The Senators signed Robin Lehner to a $6.675-million contract Thursday morning, locking up the 23-year-old restricted free agent goalie for the next three seasons. Lehner has been hailed for years as Ottawa’s goalie-of-the-future, but by the end of this coming season – or perhaps sooner – he’ll be firmly, finally ensconced as their No. 1 netminder.

    Given that veteran Craig Anderson – who’ll be 34 years old at the end of the coming season – is entering the final year of his contract, Lehner won’t have to wait much longer to be given the starter’s job. Playing on a poor Sens squad in 2013-14, he posted a better save percentage (.913) than Anderson (.910) and his workload has increased gradually (from 12 games-played in 2012-13 to 36 last year). His new contract, which carries an annual average value of $2.225 million, is perfect for his budget-conscious franchise and won’t raise fan expectations to unattainable levels.

    What does Lehner’s new deal mean for Anderson? Read more

  • Bob Clarke didn’t want Russians in the NHL…and he wasn’t alone

    Red Alert

    Russians have had a huge impact on the NHL and the way the game is played, but their arrival in North America wasn’t without controversy.

    In the August, 1989, edition of The Hockey News, a wave of Soviet stars, riding the crest of glasnost, broke down barriers and signed to play with NHL teams. Slava Fetisov and Sergei Starikov inked in New Jersey. Alexandr (that’s how he spelled it in ’89) Mogilny officially became a Sabre. And Igor Larionov and Vladimir Krutov were brought into the Vancouver Canucks fold.

    Some natives, however, remained suspicious and opposed.

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  • NHL logo rankings No. 17: Edmonton Oilers

    Rory Boylen
    Edmonton Oilers

    By placing Edmonton at No. 17 on our list, that leaves the Montreal Canadiens with the No. 1 logo among the seven Canadian teams. Will the Habs logo rank first among all NHL logos? You’ll have to wait and find out.

    When our panel of seven THN staffers debated and argued over the Oilers design, the room was split on where it should rank against other NHL logos. Some thought the look was outdated and ugly, fit for the bottom-third of the league – a place the Oilers have become accustomed to in recent years. But others – like myself – enjoyed the design and pushed for a higher ranking than this.

    And that goes to show how much these rankings are determined by personal tastes more than scientifically breaking down the aesthetics of each one. To each his own. After our voting was done, the Oilers ended up in that mushy middle. I’ll be interested to see what the commenters below think of the Oilers logo.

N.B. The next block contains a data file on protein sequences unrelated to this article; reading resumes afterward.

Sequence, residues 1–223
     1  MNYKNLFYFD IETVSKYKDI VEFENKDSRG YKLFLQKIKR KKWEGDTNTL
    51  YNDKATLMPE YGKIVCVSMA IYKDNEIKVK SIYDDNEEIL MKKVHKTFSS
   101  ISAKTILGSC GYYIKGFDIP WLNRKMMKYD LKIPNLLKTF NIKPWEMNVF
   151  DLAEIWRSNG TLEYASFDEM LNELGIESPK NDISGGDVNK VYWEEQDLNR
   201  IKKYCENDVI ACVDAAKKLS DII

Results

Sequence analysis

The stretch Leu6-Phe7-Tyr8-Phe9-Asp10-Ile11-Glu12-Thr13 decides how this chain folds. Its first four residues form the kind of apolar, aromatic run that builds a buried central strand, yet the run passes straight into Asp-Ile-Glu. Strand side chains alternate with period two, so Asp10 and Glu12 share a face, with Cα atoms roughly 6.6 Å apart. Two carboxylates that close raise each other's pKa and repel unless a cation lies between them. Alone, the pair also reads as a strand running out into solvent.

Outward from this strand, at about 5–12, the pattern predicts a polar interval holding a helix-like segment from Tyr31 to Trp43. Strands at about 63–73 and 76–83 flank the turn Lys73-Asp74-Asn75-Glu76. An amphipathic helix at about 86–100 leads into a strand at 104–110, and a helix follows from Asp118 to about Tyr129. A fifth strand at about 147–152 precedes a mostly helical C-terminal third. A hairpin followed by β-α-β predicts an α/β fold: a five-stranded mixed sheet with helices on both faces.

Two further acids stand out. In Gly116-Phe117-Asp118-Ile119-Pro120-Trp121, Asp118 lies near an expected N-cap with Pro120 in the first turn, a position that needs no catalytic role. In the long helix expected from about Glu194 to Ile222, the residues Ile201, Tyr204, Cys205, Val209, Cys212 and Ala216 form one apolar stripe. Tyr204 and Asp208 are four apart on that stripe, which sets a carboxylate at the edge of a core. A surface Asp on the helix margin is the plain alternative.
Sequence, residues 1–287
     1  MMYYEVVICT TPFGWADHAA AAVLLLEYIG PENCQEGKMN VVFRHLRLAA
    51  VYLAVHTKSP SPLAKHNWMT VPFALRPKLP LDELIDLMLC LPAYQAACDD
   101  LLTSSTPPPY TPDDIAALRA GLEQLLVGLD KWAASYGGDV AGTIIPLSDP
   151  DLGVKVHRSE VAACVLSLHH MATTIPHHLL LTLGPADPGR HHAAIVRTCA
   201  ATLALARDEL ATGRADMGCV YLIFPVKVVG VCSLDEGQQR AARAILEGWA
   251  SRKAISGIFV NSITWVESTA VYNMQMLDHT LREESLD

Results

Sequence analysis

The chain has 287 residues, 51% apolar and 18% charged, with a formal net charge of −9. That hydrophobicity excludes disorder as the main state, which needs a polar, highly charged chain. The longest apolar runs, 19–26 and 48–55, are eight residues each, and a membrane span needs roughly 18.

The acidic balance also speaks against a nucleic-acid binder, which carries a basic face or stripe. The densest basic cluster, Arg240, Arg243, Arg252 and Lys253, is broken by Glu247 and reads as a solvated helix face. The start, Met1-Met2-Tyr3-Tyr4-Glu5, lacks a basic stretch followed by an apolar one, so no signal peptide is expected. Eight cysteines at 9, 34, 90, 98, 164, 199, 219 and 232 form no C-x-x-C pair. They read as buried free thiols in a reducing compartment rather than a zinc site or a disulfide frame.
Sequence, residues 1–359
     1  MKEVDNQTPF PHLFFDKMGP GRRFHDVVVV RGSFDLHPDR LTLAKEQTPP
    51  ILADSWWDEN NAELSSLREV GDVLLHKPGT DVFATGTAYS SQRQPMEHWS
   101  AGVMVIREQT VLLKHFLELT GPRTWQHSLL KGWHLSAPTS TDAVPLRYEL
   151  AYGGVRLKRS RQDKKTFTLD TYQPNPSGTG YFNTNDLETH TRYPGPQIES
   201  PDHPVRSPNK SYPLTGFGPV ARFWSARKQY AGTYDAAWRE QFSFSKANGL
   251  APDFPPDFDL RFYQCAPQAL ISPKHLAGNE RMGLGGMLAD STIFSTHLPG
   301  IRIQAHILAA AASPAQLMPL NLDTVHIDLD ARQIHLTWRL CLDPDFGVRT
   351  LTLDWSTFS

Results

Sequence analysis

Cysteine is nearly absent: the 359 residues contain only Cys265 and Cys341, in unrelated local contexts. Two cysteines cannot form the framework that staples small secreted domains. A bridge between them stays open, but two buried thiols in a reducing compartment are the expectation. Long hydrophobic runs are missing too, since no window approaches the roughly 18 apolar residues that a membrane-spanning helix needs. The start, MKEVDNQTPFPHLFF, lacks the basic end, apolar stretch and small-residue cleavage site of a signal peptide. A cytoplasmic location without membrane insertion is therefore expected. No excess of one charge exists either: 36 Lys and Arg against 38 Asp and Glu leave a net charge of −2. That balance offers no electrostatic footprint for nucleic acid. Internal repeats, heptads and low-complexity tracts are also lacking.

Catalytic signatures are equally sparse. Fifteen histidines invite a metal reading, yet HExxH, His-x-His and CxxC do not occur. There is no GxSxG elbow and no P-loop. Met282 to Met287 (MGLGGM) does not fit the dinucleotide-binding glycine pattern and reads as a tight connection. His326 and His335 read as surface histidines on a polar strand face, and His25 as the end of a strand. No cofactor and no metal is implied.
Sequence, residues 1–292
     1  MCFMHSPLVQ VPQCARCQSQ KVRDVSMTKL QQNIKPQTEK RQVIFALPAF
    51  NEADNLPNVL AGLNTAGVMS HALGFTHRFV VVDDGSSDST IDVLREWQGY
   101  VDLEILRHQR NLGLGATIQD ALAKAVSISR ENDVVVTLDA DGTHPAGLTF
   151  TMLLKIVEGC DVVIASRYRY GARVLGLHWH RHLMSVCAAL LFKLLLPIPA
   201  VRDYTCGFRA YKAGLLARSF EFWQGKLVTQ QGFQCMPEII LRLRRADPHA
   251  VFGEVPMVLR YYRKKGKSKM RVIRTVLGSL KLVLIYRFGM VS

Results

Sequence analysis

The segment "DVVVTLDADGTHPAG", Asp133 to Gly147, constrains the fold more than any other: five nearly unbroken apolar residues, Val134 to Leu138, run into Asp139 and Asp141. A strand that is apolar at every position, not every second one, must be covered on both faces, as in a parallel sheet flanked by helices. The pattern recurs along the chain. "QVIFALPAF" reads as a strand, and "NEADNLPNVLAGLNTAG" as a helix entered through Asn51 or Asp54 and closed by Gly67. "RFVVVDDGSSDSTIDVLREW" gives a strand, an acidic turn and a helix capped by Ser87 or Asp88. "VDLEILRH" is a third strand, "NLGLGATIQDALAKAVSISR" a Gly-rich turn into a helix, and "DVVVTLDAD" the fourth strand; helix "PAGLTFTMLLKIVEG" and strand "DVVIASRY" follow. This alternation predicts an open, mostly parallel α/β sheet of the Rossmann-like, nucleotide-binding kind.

Think you can design a better look for the Oilers? Here’s your chance. Create your best logo redesign for Edmonton and send it to us at editorial@thehockeynews.com and we’ll share our favorite reader redesigns at the conclusion of our 30 NHL logo rankings.

    All logo from Chris Creamer’s website.

    HISTORY OF THE OILERS LOGO

    Did you know that, in their first year as a WHA team, the Oilers were called the Alberta Oilers? The Calgary (Broncos) team never got off the ground for the inaugural WHA season in 1972 and a provincial rivalry that was supposed to hatch that year never did. In response, the Oilers wanted to represent the province and intended to split their home games between Edmonton and Calgary. That plan never came to pass, though, as they stayed in Edmonton all season. After Year 1, the Oilers went back to calling themselves Edmonton as originally intended and, in 1975, the Calgary Cowboys joined the WHA after they relocated from Vancouver.

    The Oilers look is a throwback in the modern day. Its font screams 1970s and the droopy, thick lettering adds to the character. It’s a look that also fits with the name. The original colors were a royal blue with an orange oil drop that really popped.

    Edmonton Oilers

    Read more

  • New Jersey extends underrated Andy Greene for five years, will lead transition to younger blueline

    Rory Boylen
    Andy Greene

    The New Jersey Devils locked up 31-year-old defenseman Andy Greene to a five-year extension that will kick in after next season, the final year of his current contract. The new pact will have a cap hit of $5 million.

    Greene is a leader and underrated player on the Devils’ blueline. His 24:34 of average ice time led the team by nearly three minutes over the next highest total from Marek Zidlicky. And, according to GM Lou Lamoriello, they’d like to have him on the ice even more, if it wouldn’t wear him out.

    “He’s the top defenseman right now if you have to look at who the top defenseman is,” Lamoriello said in a conference call. “He carries the most minutes in each critical situation, whether it’s 5-on-5, in a defensive situation, or in a power play situation, or in particular penalty killing. We have to try and keep ice time away from him, that’s how important he is, to make sure late in the game he isn’t tired. That’s in indication of what we think of him.”

    Lamoriello praised Greene as an “all-situations” defenseman, a relatively rare value that left the GM confident to lock him up for five years beyond the next one. And given where the Devils are at, Greene will be the leader of the blueline as they transition to a younger core of defensemen with solid upsides. Read more

  • Rumor Roundup: Will Bobby Ryan be the next Senators player to leave?

    Bobby-Ryan Photo by Jana Chytilova/Freestyle Photography/Getty Images)

    The departures since last summer of Daniel Alfredsson and Jason Spezza from the Ottawa Senators prompted ESPN’s Craig Custance to suggest Bobby Ryan could be next to leave town. Custance notes Ryan, 27, is entering the final season of his contract at an affordable cap hit of $5.1 million. He becomes eligible for unrestricted free agency next summer.

    Wayne Scanlan of the Ottawa Citizen recently reported the Senators opened contract talks with Ryan and fellow 2015 UFAs Clarke MacArthur and Marc Methot. Of the trio, Ryan will be the most difficult to re-sign.

    The rebuilding Senators took a step back in their development last season, Ryan’s first with the club. The loss of Spezza via trade and Ales Hemsky to free agency makes Ryan their top scoring forward. How the Senators perform this season could influence his future plans.

    Another factor will be Ryan’s asking price. He’ll have a golden opportunity to cash in via free agency, where he could be the best available player. It could cost the budget-conscious Senators more than $7 million per season on a six- to eight-year deal to keep Ryan in Ottawa. Read more